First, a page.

# Screening and transport in narrow quantum Hall systems

As a consequence of the singular Landau density of states, screening in an inhomogeneous two-dimensional electron system (2DES) subject to a strong perpendicular magnetic ﬁeld *B* is, at low temperature *T*, extremely nonlinear. The system splits into "compressible" regions, in which screening is nearly perfect and the electron distribution arranges so that, within *k _{B}T*, a Landau level is pinned to the electrochemical potential µ*

^{}, and into "incompressible" regions in between, in which

*µ**falls into a gap between adjacent Landau levels, so that there the Landau-level ﬁlling factor

*ν*has a ﬁxed integer value and, therefore, the electron density is constant [1-3]. Within an incompressible strip (IS) no elastic scattering is possible (since there are no states at the Fermi level), so that the longitudinal and the Hall resistivity there have the values of the free electron system with the same integer ﬁlling factor, i.e., in the limit

*T → 0*results

*ρ*and

_{ℓ}= 0*ρ*, respectively. In a narrow Hall bar, where the 2D electron density decreases monotonously from a maximum in the center to zero at the edges, ISs of ﬁnite width exist in certain intervals of the magnetic ﬁeld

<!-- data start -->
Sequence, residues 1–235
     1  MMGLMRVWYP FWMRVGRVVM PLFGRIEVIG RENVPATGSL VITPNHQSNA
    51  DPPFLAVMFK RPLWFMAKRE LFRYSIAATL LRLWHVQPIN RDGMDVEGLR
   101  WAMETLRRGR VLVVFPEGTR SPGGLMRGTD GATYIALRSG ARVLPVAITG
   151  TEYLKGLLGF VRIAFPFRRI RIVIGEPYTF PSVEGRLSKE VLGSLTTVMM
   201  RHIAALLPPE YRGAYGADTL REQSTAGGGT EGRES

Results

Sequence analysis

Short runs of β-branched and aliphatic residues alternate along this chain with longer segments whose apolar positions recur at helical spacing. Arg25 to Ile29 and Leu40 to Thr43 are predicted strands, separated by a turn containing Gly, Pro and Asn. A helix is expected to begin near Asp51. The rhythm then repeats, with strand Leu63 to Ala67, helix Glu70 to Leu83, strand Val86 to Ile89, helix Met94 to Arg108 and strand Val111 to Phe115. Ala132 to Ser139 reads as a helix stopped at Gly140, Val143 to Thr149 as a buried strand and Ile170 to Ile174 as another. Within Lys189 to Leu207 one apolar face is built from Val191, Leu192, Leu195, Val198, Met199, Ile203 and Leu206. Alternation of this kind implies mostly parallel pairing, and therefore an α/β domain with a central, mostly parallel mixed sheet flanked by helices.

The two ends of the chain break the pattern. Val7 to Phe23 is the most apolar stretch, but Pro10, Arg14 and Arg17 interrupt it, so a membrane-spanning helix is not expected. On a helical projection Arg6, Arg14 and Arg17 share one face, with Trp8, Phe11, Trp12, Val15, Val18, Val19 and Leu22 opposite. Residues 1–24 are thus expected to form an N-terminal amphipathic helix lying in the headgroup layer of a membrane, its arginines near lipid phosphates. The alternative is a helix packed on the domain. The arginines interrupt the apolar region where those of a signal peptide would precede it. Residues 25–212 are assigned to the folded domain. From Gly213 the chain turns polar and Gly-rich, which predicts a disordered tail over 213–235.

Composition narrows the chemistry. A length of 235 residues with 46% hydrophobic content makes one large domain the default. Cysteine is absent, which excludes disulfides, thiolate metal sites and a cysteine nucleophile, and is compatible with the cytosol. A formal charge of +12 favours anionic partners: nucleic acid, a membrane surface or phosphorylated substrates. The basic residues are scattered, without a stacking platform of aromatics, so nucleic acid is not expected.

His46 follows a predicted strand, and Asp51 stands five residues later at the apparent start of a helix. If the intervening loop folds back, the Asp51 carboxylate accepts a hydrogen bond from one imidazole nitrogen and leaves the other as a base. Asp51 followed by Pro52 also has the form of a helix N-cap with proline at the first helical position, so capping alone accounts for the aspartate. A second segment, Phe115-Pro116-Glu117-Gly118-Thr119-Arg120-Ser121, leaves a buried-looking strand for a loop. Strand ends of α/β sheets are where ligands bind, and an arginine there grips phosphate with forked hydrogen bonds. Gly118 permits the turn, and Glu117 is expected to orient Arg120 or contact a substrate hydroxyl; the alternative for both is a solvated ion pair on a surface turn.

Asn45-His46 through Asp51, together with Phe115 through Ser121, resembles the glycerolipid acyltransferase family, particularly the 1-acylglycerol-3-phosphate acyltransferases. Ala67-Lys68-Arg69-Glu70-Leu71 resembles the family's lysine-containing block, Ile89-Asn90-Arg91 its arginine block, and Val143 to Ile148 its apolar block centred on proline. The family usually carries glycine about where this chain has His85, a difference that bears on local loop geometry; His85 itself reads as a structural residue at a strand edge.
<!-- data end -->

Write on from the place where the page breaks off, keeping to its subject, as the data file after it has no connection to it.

_{H}= h/(νe^{2})*B*. If an imposed current leads to a stationary non-equilibrium state of the 2DES, according to the thermodynamic principle of minimum entropy production the current density concentrates on these ISs, where the current ﬂows dissipationless. A quasi-local Ohmic transport theory, which in a homogeneous 2DES describes the Shubnikov-de Haas oscillations, combined with a self-consistent screening theory, describes the integer quantized Hall effect (IQHE) in narrow Hall bars, and the plateaus of the IQHE appear as the

*B*-intervals in which sufﬁciently wide ISs exist [4-6]. Early [7] and more recent scanning force microscope measurements in the group of J. Weis conﬁrm the predictions of this theory, and it is of great interest to investigate its further predictions, limitations, and possible extensions.

** **

**References:**

[1] *D.B. Chklovskii, B.I. Shklovskii, and L.I. Glazman*. Phys. Rev. B **46**, 4026 (1992).

[2] *K. Lier and R.R. Gerhardts*. Phys. Rev. B **50**, 7757 (1994).

[3] *J.H. Oh and R.R. Gerhardts*. Phys. Rev. B **56**, 13519 (1997).

[4] *Güven K. and R.R. Gerhardts*. Phys. Rev. B **67**, 115327 (2003).

[5] *Siddiki A. and R.R. Gerhardts*. Phys. Rev. B **70**, 195335 (2004).

[6] *R.R. Gerhardts*. phys. stat. sol. (b) **245**, 378 (2008).

[7] *E. Ahlswede, P. Weitz, J. Weis, K. von Klitzing, and K. Eberl*. Physica B **298**, 562 (2001).

- pdf version of this page 41.19 kB